This post is a follow up from yesterdays musings on palm prints I decided to see how I could make them work in the current greyness of London. Tell me what you think.
I shan't apologise for my long absence as life (read: coursework) has been the main occupant of my mind. However, I need to tell you that I have been brainwashed or perhaps just socially conditioned. I do not remember the last time Prada showed a collection that hasn't received rave reviews; when I first saw the palm prints, instant hatred flared inside. Few weeks later? I'm a little bit in love. 'Why?' I hear you cry. Possibly because it's a reminder of a simpler, more laid back lifestyle. Actually, it just looks quite pretty.
I'm lost for words as of lately so I'll keep this short and illustrate my point with pictures instead. I've been crushing on the pale shade of blue, denim and the idea of spring which would allow me to burn my winter coat. The following outfits just scream spring to me and I really hope to wear something similar in the coming months.It's 5 O'clock In The Morning, Conversation Got Boring by Z♥LDN (Join.My.Blog.) featuring DKNY outerwear Slow Down, Lie Down by Z♥LDN (Join.My.Blog.) featuring Miu Miu bags Hope It Gives You Hell by Z♥LDN (Join.My.Blog.) featuring Mulberry bags
Soundtrack: The Cave by Mumford & Sons
I recently did a photoshoot for an up and coming magazine. The shoor took place in South-East London on a freezing Saturday morning in the middle of the woods. The hair and make up were inspired by Luella S/S 10 and the shoot itself, to me, was reminiscent of Mulberry's 09 campaign.
recently, I've found myself to be quite detached from fashion. I've been shopping and looked at all the latest offerings from New York fashion week and I still cannot connect to it like I did last season. The reason to me is obvious and I don't want to keep talking about it but it changed the view I have on fashion, maybe not for long but certainly for now. I decided to not do what I usually do (review quite a few shows from each fashion week) but just go with it. If there's something nice I'll post it, I don't have much time or care for negativity. This thought brought me right to Proenza Schouler and their departure from the nu-rave-surf aesthetic into a grown-up school chic. When I first saw the collection I immediately though of Taylor Momsen with her love for thigh-highs, gothic lips and bleach hair: all elements combines on the catwalk created a great look. As for the clothes, simplicity ruled with statement scribble print that added a care-free element to the otherwise stern outfits. This collection is exactly what I want to wear today and not next season as it incorporates style and a sort of warmth without compromise on flirtiness and comfort (as long as we discard the hosiery that is).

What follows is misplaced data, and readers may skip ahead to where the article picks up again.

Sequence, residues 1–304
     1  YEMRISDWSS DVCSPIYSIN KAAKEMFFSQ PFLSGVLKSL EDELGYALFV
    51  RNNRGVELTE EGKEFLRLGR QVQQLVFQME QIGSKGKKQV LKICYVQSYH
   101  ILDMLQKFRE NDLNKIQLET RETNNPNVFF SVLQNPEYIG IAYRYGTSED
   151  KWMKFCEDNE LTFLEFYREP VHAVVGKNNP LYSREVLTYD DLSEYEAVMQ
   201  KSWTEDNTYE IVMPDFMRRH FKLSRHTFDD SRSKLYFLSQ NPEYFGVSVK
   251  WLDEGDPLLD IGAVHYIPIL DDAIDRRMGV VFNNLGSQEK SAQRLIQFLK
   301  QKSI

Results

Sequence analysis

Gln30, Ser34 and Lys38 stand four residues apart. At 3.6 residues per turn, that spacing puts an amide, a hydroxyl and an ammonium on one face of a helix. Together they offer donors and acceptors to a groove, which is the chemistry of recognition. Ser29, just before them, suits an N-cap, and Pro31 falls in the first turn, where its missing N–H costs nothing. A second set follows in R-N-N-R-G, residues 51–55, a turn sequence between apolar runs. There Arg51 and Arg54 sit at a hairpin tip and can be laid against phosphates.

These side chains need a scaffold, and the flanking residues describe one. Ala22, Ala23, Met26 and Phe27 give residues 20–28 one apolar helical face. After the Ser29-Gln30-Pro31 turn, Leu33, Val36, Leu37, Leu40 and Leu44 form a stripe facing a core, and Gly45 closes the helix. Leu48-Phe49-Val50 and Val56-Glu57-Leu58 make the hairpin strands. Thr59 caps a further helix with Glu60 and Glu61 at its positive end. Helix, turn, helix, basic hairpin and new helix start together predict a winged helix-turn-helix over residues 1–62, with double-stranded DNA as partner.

No amount of words or clever metaphors can come close to describing how sad Lee McQueen's death is, not just to the fashion world and his family but also to individuals that truly admired his work and him as a person. He was the most talented British designer. I, amongst others, loved every creation thought up by his wonderfully strange mind.
It took a long time but I'm finally here. Indeed, it's time for me to tell why I disliked, well, Chanel. I understand that saying you don't like Chanel is like saying air isn't necessary for life in the fashion world but their couture show was just so...blah. Do you wonder what Coco Chanel would say about her brand now? Sure, it's about evolving with the times except it needs to remain, at least, nice. For the first time in my fashion life (around 3 years) have I had negative thoughts towards Chanel and to be honest this collection just pissed me off. It floated somewhere between dowdy and Lolita land whilst the fabric, in many cases, remained stiff. Some looks were OK but usually it's the majority that's a highlight whilst 1 or 2 are bloopers. Take Exhibit A, the model looks fat and she's half my size. Wearability points? None. I have to stop because I can taste the venom on my lips...However, the hair was kind of cute.
Exhibit AWhat happened here?!? This is Valentino! To start with, it looked like Herve Leger pret-a-porter and why on earth would Valentino, the brand the designer himself (obviously), do that? Gone is the glamour and understated beauty; it's been replaced with sherbet coloured mummy-bandages. I was genuinely upset to discover that this is the direction Valentino will be headed in. I applauded their ready-to-wear but thought that couture would remain true to the house's history. Clearly it's out with the old and in with the new.